Fatal outcomes among patients on maintenance haemodialysis in sub-Saharan Africa: a 10-year audit from the Douala General Hospital in Cameroon

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BMC Nephrology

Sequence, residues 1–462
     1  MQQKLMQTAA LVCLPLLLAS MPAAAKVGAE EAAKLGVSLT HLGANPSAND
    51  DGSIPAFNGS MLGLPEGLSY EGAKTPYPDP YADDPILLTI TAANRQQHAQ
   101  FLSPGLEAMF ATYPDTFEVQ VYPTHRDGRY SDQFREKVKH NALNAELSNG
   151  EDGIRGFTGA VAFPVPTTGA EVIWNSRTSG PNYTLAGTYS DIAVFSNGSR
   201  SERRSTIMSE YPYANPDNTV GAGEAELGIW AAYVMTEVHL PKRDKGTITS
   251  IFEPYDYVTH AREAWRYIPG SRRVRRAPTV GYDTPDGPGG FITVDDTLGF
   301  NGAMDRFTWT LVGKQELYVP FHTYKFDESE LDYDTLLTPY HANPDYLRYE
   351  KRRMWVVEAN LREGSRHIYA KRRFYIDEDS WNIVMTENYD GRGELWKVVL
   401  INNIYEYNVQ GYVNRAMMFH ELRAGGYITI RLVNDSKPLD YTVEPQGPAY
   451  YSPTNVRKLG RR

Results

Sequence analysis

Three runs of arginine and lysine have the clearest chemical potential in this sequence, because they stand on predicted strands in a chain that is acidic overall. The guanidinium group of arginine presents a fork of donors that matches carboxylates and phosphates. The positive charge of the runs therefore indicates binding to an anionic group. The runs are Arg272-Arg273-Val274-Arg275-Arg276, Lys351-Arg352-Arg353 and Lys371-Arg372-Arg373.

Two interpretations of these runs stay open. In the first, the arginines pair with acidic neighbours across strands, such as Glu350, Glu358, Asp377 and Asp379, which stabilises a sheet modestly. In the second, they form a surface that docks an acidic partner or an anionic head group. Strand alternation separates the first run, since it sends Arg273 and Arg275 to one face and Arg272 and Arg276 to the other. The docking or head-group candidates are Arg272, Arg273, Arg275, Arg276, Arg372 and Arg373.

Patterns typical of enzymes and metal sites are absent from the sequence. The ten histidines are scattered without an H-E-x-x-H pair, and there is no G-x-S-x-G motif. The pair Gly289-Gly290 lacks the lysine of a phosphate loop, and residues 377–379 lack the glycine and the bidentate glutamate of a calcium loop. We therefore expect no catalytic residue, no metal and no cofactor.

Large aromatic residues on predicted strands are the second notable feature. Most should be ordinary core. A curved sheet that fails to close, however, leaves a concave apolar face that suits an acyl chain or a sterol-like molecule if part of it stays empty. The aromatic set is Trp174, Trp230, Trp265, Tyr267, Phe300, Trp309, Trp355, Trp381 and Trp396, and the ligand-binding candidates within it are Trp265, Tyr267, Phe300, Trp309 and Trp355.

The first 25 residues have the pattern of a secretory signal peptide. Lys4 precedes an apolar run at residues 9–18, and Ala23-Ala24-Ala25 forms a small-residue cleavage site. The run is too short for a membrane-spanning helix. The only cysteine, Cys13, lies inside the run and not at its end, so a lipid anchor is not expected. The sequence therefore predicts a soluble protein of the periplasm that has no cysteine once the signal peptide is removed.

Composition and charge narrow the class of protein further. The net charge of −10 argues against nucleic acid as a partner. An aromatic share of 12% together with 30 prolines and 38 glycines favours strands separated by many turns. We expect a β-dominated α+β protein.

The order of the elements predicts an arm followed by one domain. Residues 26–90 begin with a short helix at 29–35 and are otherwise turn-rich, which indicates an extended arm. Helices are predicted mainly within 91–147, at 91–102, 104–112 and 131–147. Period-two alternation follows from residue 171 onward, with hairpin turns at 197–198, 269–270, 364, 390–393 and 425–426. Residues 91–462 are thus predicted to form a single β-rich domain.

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Abstract Background End-Stage Renal disease (ESRD) is associated with increased morbidity and mortality. We assessed the occurrence, time-trend and determinants of fatal outcomes of haemodialysis-treated ESRD patients over a 10-year period in a major referral hospital in Cameroon. Methods Medical records of ESRD patients who started chronic haemodialysis at the Douala General Hospital between 2002 and 2012 were reviewed. Baseline characteristics and fatal outcomes on dialysis were recorded. Accelerated-failure time and logistic regression models were used to investigate the determinants of death. Results A total of 661 patients with 436 (66 %) being men were included in the study. Mean age at dialysis initiation was 46.3 ± 14.7 years. The median [25 th –75 th percentiles] duration on dialysis was 187 [34–754] days. A total of 297 (44.9 %) deaths were recorded during follow-up with statistical difference over the years (p < 0.0001 for year by year variation) but not in a linear fashion (p = 0.508 for linear trend), similarly in men and women (p = 0.212 for gender*year interaction). The death rate at 12 months of follow-up was 26.8 % (n = 177), with again similar variations across years (p < 0.0001). In all, 34 % of deaths occurred within the first 120 days. Year of study and background nephropathies were the main determinants of mortality, with the combination of diabetes and hypertension conveying a 127 % (95 % CI: 40–267 %) higher risk of mortality, relative to hypertension alone. Conclusion Mortality in dialysis is excessively high in this setting. Because most of these premature deaths are potentially preventable, additional efforts are needed to offset the risk and maximise the benefits from the ongoing investments of the government to defray the cost of haemodialysis. Potential actions include sensitisation of the population and healthcare practitioners, early detection and referral of individuals with CKD; and additional subsidies to support the cost of managing co-morbidities in patients with CKD in general.